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This commentary from The New Republic was written by Ryan Lizza.

Following Al Gore's announcement this week that he is endorsing Howard Dean for president, mainstream news coverage generally cohered into two major story lines. First, that it was a surprising rebuke that Gore had declined to endorse his 2000 running mate, Joe Lieberman. ("A STINGING SETBACK FOR LIEBERMAN," announced the senator's hometown paper.) And, second, that Gore's endorsement meant Dean was finally starting to win over the Democratic establishment. ("GORE'S EXPECTED ENDORSEMENT OF DEAN LENDS 'ESTABLISHMENT' SUPPORT IN CAMPAIGN," read a headline from Knight Ridder.) Neither story line withstands much scrutiny.

The betrayal-of-Lieberman account received boosts from the way Gore handled the endorsement (he gave Lieberman no warning that it was coming) and from the way Lieberman handled it (before the endorsement even took place, Lieberman's aides were peddling the betrayal motif). That same day, Lieberman, in a fit of pique, called a press conference in New Hampshire to capitalize on the newfound attention to his campaign and announced that Gore had finally called. "It was about four or five minutes in length and too late," he said curtly. At the Democratic debate that night in New Hampshire, even Lieberman rival John Kerry picked up the theme: "I was sort of surprised today, actually, by the endorsement, because I thought that Joe Lieberman had shown such extraordinary loyalty in delaying his own campaign."

But it really shouldn't have been much of a surprise. In the three years since Gore and Lieberman campaigned together, a rift both personal and ideological developed between the former running mates. The first major tension was over whether Gore would run for president again in 2004 -- a question that was of particular significance for Lieberman, who had publicly promised not to run if Gore did. But the Connecticut senator didn't just sit idly on the sidelines. When Gore had still not declared his intentions by mid-2002, Lieberman, fearing a late start could cripple his potential candidacy, began quietly lining up fund-raisers and staff -- maneuvers that irked Gore, according to people close to the former vice president. (There was at least one private meeting between the two men where Lieberman pushed Gore to put up or shut up.) And, in late 2002, Lieberman pointedly distanced himself from Gore. In his book, An Amazing Adventure, Lieberman writes about how he refused to deliver the partisan speeches the Gore campaign fed him -- "I'll be damned if I'm going to make this speech," he melodramatically recounts -- and how he cringed at Gore's populism. "The America I saw in the 2000 campaign," Lieberman writes, "was not an 'us vs. them' country, or a 'people vs. the powerful' economy." In case the message wasn't clear enough, he told reporters during a July 2002 Democratic Leadership Council meeting in New York that the Gore-Lieberman campaign message was a betrayal of New Democrat principles. This peeved Gore enough that, a few days later, he defended his campaign's populism in a New York Times op-ed.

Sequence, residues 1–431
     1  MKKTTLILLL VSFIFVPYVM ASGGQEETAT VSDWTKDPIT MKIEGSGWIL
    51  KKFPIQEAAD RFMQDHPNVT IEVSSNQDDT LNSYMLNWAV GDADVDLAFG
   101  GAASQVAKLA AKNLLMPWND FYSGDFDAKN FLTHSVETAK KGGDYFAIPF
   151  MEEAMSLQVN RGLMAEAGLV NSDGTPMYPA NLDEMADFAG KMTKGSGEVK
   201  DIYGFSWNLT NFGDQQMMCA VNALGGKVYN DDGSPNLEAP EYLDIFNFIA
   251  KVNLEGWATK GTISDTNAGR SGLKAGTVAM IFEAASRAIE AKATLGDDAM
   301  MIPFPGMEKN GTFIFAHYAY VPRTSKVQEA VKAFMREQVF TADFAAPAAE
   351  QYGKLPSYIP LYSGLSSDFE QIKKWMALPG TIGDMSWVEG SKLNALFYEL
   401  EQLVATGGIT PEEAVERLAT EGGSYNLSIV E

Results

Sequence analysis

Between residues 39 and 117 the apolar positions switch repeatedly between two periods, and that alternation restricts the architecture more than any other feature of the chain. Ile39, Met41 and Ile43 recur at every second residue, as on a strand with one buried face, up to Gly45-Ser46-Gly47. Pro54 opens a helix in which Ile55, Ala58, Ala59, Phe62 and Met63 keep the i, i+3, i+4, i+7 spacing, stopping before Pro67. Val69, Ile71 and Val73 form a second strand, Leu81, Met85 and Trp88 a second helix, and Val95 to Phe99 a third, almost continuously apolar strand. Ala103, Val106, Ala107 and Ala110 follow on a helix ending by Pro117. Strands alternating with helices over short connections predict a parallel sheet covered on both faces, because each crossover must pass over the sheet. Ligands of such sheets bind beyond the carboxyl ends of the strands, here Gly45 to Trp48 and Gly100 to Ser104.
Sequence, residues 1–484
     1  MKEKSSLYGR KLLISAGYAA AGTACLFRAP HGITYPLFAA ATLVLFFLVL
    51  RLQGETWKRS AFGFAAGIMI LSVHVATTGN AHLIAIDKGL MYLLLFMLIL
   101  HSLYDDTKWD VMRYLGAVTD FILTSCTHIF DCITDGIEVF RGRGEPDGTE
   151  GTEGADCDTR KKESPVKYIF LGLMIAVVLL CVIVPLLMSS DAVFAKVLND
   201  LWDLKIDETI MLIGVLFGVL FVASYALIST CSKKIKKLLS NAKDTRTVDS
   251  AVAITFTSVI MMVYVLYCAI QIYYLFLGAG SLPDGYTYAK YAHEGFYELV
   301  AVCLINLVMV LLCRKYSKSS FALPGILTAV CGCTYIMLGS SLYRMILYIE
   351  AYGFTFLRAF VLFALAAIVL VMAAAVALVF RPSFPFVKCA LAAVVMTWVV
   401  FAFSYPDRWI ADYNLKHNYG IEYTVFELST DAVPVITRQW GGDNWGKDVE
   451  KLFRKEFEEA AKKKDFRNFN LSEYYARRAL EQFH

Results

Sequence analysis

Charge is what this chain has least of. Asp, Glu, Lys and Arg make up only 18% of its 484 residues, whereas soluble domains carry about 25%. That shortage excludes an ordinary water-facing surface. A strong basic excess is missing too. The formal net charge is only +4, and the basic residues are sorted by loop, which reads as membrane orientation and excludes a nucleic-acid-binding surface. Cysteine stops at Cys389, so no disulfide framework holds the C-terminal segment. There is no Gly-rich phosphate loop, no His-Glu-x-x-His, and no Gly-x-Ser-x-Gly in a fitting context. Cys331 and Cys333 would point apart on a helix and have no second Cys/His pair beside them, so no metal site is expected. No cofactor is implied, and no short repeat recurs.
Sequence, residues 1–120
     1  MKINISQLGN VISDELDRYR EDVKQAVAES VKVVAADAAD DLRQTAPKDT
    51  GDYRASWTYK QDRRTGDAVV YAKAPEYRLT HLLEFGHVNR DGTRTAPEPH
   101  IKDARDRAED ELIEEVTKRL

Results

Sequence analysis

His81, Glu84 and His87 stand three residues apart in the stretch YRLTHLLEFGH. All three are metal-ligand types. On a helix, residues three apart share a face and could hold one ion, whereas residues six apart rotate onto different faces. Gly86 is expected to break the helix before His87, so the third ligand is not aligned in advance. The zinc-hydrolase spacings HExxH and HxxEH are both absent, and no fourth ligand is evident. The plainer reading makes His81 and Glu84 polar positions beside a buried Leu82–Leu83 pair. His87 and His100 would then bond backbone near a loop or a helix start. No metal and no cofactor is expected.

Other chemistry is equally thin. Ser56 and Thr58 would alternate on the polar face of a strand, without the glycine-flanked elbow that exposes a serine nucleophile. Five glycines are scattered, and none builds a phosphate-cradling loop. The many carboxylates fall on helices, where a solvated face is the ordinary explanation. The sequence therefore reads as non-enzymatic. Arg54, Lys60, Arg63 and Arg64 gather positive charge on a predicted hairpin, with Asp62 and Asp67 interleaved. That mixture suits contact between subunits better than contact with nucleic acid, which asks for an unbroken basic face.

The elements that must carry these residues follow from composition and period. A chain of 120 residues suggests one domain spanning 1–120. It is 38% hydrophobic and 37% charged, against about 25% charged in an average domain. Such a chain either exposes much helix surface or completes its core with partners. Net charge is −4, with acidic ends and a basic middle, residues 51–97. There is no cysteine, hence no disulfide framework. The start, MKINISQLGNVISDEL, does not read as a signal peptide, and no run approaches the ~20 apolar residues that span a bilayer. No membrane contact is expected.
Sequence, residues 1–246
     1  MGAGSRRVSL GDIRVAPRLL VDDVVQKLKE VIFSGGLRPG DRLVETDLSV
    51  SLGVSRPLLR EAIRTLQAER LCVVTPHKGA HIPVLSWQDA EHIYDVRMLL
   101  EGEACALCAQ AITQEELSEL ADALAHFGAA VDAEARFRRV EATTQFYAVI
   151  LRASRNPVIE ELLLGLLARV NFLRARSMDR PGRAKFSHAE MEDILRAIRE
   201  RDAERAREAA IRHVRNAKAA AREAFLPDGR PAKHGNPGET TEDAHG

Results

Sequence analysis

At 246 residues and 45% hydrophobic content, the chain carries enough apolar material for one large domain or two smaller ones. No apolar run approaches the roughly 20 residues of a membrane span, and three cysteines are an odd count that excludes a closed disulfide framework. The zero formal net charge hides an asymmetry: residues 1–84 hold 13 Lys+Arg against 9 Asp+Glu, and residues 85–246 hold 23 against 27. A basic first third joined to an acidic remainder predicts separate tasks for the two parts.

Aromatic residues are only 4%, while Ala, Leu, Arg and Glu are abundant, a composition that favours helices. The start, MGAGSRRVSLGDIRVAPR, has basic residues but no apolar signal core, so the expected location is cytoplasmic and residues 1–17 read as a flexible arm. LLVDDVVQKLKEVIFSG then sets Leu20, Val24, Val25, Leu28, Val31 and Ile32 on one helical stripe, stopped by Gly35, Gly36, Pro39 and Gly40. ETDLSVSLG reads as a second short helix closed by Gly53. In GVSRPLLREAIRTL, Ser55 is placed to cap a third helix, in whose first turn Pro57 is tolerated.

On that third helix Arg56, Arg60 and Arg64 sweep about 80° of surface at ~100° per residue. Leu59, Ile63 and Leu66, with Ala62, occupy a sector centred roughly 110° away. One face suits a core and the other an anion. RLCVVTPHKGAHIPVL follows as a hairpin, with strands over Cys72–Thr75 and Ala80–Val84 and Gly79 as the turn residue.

As Lieberman moved back toward the Milquetoast centrism that had characterized his Senate tenure prior to 2000, Gore was continuing the leftward journey he had begun during the campaign. By the time he announced he would not run again in 2004, Gore had come out for a single-payer health care plan and against the war in Iraq. (Lieberman, by contrast, takes the incrementalist approach to health care and has been the most adamant Democratic advocate of the war.) As the campaign progressed, the signals that Gore was moving away from Lieberman and toward Dean only got more obvious. Two of Gore's most prominent speeches were delivered to, the two-million-member-strong, grassroots Internet group that is overwhelmingly pro-Dean. "It was pretty clear," says one Democrat in Gore's camp. "All you do is just focus on what he said in the MoveOn speeches -- just the fact that he did it before MoveOn. He was not going to do that and then go endorse Joe Lieberman."